Wednesday, June 3, 2009

Survival Mode

Moving isn't really my thing. My basic disposition is pretty uptight and I tend to overwhelm easily. Change makes me panic, and projects take me forever. For the last two weeks I have been sitting in our new house eating snap peas out of a bag and staring blankly at our mountains of belongings. Help?

We don't have a dishwasher, a commodity upon which I have grown dependent. In fact, I think I've completely forgotten how to live without one. For the last almost three week Ryan and I have subsisted on smoothies, canned soup, nuts and fruit. Oh, and the snap peas. Oh, and Thai food. I don't dare make a mess of the kitchen for fear I won't be able to clean it up. The recent demise of our microwave has made this packaged-food-lifestyle more of a challenge, but we press on.

The bedroom is the most put-together of all the rooms, except that nothing has been hung on the walls, including our only mirror. The resulting lack of feedback on my appearance has only caused minor trouble as far as I know. For example, last weekend, Ryan and I went to a wedding and I figured I would curl my hair for the event (I am convinced that curling my hair makes up for a pretty wide range of hair neglect consequences. I curl my hair less often than you might expect for someone whose hair looks like it was cut with a weed-wacker). I ended up scorching my neck pretty badly. Thankfully, since we have no mirror, I couldn't see the disgusting, leaky, dime-sized lesion that developed on a highly-visible spot on my neck. My heart goes out to those I've encountered during the healing process who felt like they should pretend they didn't notice. Sorry, guys. That must have been awkward.

The day after we moved Ryan and my brother spent all day tilling up a huge patch of the yard for a garden. Tragically, we discovered that most of the yard is shaded for much of the day. Anyone know a tree surgeon? Because we have a Box Elder that is getting offed. In general, Ryan has been taking great initiative with the yardwork which delights me to no end. As part of his initiative, he pruned the large rosebush in the front yard. Unfortunately, he was not aware that this bush, the most beautiful of all plants I have ever laid eyes on, brought me peace in my moving-trauma. I would stand outside and look at all the beautiful, fat, red roses and smell them and feel like we had bought the right house after all. When I came home after a long night at work to discover my precious roses had been, shall we say, aggressively pruned I had a meltdown. I have since recovered but I still wish I had at least gotten a picture of the thing in full resplendence to show you people. I have been assured repeatedly that it will be back, so I guess we shall all have to wait until then. With the exception of the Rose Incident, I am thrilled with the grounds and love them nearly as much as the groundskeeper. The garden, seems to be getting off to a reasonably good start and in the fall, with a little luck, we should have one of these to show you, also courtesy of Ryan's great enthusiasm. He's really, really excited about it.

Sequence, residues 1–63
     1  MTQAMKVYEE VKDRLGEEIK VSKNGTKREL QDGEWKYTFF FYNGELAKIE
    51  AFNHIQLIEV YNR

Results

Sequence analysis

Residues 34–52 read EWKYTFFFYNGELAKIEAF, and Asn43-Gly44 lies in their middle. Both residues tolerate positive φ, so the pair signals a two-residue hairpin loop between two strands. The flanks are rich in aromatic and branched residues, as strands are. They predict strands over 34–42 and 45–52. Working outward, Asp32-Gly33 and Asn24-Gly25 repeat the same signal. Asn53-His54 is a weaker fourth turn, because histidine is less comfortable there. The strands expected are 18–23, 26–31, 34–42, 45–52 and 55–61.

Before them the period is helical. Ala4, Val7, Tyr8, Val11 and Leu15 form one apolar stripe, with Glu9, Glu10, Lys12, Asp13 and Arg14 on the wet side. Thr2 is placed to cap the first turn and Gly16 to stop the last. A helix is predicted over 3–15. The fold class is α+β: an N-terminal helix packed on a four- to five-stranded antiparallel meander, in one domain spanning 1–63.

Beyond the slow, painstaking process of finding places to stash all our stuff, and the general increased workload, home ownership is also downright scary. What if the grass dies? What if we get a termite infestation? Why does the dyer only work occasionally? How does one install a dishwasher? What about swamp coolers? What's up with those? What if the garden dies and we wasted our money? What if the whole thing burns down? Then what? Huh? Then what?

It is easy to believe that one can shop one's way out of one's misery. By some miracle of illogic, I am convinced that I can ameliorate the stress of owning more than I know what to do with only by purchasing MORE stuff. Here, for example, is the current object of my affections. But, Amy! You already own THIS bookshelf! But, you see, I need another. The larger one lives in the living room next to the reading chair. It is where I put books for reading. The new desk/shelf configuration would provide a place to put textbooks, file boxes, binders, photos, CDS, etc. Books NOT for reading. See? I need a new shelf. My hands are tied.

Moving is expensive and stressful. I'd love to have you all over for a barbeque, but for the time being all I can really offer is eating snap peas on the nearly-dead lawn. Any takers?


Jen said...

Sometimes you just need to take a deep breath and repeat slowly: "Everything is going to be just fine."

Something that changed my life was the flylady's principle of just spending five or ten minutes de-cluttering per day. De-cluttering the whole house is too overwhelming. Everyone has five minutes. And then half of one shelf is clean, and you can do the other half tomorrow.

Also, if it makes you feel any better, at least you haven't been potty training a three-year-old today with two more days of the intensive three-day method ahead of you.

Good luck on the garden!!

missy. said...

mmm... a snap pea picnic. that sounds lovely. unfortunately i'm still a bit too far away...

perhaps in august, when it is my turn to be totally overwhelmed with home ownership and junk accumulation and that intense need to spend entire days browsing IKEA catalogs, i will have YOU over for a snap pea picnic.

Kate said...

Being able to have a garden does sound wonderful.
It's amazing how much stuff you can accumulate even if you've only ever lived in crummy apartments.
I say, when in doubt, take a picture & give it to DI.

This method has worked for Neil & I and I rarely even remember the precious articles I have lost.... perhaps mostly because I have already filled its vacant spot with new STUFF!

Ann Marie said...

so, i'm laughing at your frustrations by the end of this that appropriate?

hope your garden turns out...i'm sure it will!